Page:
By 1989 the exhibition had 82 pavilions with an exhibition area of 700,000 square metres. Each pavilion (including the 1939 "regions") had been dedicated to a particular industry or field: the Engineering Pavilion (1954), the Space Pavilion (1966), the Atomic Energy Pavilion (1954), the People's Education Pavilion (1954), the Radioelectronics Pavilion (1958), the Soviet Culture Pavilion (1964).
During Soviet times, each year VDNKh hosted more than 300 national and international exhibitions and many conferences, seminars and meetings of scientists and industry professionals. These events attracted about 11 million visitors annually, including 600,000 guests from outside the Soviet Union. The "Radioelectronics" exhibition hall for some years housed the working (and unique) prototypes of the most advanced ES EVM computers to date, which were time-shared by many research organisations right on the premises.
The most memorable feature of the exhibition site was the Worker and Kolkhoz Woman (Rabochiy i Kolkhoznitsa) staue, featuring the gigantic figures of a man and woman holding together the famous "hammer and sickle". The sculpture, which reaches 25 meters toward the sky, was designed by Vera Mukhina and originally crowned the 35-meter-tall Soviet pavilion at the Paris Exposition Internationale des Arts et Techniques dans la Vie Moderne (1937). The statue featured on a logo of Mosfilm, Russia's largest movie studio.
In 1992, VDNKh was renamed, receiving the new acronym VVC, which remained in use until 2014. It occupies 2,375,000 square metres of which 266,000 square metres are used for indoor exhibits. The territory of VDNKh is greater than that of the Principality of Monaco and has approximately 400 buildings. Inadequate maintenance of Vera Mukhina's statue caused such disrepair that the statue was disassembled (see 2006 photographs of what's left). It was slated to be refurbished and installed on the top of the new pavilion by 2008, but funding shortages lead to dragged-out restoration. It was finally reerected in December 2009, now standing atop of a large constructivist pavilion, apparently recreating the original exhibition pavilion from the 1937 World's Fair in Paris that it was designed for.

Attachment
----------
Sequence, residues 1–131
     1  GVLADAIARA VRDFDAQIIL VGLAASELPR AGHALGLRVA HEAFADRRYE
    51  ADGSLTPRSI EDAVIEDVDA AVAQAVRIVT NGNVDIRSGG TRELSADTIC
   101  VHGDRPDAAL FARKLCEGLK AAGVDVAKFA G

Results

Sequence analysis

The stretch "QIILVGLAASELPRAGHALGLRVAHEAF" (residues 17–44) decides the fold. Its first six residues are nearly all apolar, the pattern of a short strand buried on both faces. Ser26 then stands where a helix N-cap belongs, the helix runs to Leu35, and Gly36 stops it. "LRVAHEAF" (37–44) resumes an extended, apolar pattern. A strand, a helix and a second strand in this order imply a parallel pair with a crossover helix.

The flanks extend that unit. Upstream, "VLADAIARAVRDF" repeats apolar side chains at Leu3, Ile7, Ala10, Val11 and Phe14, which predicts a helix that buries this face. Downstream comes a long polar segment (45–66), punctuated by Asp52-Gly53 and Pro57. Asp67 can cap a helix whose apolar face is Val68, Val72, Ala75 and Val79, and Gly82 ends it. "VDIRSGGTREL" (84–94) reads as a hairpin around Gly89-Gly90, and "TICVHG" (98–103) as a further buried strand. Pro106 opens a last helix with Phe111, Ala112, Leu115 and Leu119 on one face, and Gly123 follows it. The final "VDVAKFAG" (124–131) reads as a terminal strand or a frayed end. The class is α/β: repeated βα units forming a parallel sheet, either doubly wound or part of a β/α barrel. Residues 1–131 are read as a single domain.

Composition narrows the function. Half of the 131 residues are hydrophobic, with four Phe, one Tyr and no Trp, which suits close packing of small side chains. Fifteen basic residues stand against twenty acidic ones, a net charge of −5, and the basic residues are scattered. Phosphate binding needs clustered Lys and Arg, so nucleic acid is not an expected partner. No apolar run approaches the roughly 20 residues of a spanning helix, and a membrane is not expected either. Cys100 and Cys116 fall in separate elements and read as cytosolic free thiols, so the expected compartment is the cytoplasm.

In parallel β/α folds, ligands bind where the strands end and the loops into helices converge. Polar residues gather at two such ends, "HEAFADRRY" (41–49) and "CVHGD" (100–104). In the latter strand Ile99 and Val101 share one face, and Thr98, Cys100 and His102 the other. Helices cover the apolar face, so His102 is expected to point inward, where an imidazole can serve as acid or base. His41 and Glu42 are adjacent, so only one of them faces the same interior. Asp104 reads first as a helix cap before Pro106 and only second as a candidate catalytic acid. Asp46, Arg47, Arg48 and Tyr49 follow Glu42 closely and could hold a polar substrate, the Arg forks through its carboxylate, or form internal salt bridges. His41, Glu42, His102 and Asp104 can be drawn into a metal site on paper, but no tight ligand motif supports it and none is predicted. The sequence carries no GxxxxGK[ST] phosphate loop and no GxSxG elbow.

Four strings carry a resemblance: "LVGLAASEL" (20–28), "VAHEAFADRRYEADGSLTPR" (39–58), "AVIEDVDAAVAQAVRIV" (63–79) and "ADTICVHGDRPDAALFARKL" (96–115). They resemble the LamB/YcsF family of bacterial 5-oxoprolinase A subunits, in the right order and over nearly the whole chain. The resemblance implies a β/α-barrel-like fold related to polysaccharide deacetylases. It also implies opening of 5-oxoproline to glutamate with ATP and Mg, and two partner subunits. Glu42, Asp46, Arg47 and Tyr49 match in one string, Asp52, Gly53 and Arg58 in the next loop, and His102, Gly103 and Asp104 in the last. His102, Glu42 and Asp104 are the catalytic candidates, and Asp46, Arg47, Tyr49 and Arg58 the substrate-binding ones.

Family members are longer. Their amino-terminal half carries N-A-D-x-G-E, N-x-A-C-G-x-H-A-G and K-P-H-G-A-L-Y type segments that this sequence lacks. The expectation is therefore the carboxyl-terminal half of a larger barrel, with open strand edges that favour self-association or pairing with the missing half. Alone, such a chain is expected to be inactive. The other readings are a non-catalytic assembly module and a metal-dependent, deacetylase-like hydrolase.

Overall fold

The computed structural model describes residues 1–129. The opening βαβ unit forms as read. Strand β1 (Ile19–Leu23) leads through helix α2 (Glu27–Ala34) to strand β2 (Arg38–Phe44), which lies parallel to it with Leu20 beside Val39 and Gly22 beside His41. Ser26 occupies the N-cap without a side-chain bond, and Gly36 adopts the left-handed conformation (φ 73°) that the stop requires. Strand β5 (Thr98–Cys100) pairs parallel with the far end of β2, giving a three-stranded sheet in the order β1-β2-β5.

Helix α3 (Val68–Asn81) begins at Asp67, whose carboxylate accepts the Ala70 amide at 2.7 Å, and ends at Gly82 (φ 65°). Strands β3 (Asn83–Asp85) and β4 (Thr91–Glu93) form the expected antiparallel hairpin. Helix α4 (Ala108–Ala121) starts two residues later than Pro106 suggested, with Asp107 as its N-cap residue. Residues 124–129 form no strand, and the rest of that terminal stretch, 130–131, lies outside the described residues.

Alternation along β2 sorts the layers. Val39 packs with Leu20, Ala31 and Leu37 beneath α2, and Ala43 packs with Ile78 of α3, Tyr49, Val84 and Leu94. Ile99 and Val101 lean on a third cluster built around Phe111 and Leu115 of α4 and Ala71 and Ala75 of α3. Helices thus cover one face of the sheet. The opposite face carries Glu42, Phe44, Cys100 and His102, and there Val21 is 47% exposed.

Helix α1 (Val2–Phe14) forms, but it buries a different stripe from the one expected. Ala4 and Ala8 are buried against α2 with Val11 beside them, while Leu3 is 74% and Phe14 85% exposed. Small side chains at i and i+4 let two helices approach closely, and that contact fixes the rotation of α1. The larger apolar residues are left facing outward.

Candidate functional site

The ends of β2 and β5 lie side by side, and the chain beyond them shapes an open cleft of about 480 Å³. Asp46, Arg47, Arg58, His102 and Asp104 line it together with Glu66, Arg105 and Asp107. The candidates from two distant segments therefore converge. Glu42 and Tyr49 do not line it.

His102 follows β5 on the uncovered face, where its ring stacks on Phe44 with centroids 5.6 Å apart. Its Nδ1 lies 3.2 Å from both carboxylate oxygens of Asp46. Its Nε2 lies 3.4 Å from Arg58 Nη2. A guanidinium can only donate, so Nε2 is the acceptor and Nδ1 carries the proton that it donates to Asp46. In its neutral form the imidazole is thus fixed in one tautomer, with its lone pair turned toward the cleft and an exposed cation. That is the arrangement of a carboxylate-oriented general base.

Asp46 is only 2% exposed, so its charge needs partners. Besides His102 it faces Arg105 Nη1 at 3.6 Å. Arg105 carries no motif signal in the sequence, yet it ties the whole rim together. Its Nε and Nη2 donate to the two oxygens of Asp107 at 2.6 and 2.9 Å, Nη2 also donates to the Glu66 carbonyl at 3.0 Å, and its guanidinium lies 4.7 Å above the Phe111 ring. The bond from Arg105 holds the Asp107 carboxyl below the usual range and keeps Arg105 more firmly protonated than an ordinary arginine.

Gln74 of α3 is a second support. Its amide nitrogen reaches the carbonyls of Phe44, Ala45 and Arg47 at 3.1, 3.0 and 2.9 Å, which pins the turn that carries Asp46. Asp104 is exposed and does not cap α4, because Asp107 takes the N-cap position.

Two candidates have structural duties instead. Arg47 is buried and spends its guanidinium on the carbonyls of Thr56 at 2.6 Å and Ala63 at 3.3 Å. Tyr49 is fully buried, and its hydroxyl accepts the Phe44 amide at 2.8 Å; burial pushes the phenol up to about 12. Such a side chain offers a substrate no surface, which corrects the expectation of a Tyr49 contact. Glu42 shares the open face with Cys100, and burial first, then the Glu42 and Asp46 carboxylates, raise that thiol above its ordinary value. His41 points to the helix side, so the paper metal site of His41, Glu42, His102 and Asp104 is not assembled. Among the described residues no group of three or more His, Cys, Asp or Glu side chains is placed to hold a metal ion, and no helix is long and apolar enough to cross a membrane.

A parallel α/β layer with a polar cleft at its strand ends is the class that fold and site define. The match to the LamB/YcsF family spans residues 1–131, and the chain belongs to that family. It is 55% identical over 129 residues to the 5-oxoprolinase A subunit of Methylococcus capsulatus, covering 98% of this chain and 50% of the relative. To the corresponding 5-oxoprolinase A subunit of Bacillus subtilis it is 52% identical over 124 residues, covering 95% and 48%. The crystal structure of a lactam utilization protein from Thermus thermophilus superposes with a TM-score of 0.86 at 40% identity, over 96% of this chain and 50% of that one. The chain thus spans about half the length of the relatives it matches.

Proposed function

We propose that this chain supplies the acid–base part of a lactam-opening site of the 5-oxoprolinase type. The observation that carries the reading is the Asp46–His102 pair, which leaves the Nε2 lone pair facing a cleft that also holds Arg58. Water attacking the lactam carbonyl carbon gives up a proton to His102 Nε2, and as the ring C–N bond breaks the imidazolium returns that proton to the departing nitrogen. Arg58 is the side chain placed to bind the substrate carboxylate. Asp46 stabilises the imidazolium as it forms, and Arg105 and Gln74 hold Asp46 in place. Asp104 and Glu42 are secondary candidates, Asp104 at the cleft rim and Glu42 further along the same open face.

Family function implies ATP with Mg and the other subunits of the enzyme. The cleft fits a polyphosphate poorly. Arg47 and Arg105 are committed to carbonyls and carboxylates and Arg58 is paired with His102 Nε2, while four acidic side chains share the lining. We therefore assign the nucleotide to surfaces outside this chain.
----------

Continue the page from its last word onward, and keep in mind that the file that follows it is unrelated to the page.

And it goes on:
- a luna-park
- Cosmonautics museum
- a rocket and even a Buran spaceсraft
- The center of oceanography and marine biology “Moskvarium”: 80 aquariums, 8000 species of sea creatures from all over the world including 500 species of fishes, killer whales, three meter sharks, dolphins and Russian sturgeon.
During winter, VDNKh converts into a main Skating Rink with a total area of 60,000 square metres (645,835 sq ft) and the ice surface of more than 20,000 square metres (215,278 sq ft), with a capacity of 4,500 people that can use the rink at the same time. It's the biggest skating rink in Russia and Europe.
On 14 May 2014 the previous name VDNKh was restored, following an interactive poll. In addition, the mayor of Moscow announced that the Russian space shuttle, the structural test article -TVA, which was an attraction and restaurant at Gorky Park in Moscow was to be moved to the VNDKh, to be displayed near the Vostok rocket in front of the Cosmos hall. It was moved 5–6 July 2014 and re-assembled by July 21.
Currently, the larger international exhibitions are mostly held at the new facilities of Moscow Expo Center.
Moscow-850 Ferris wheel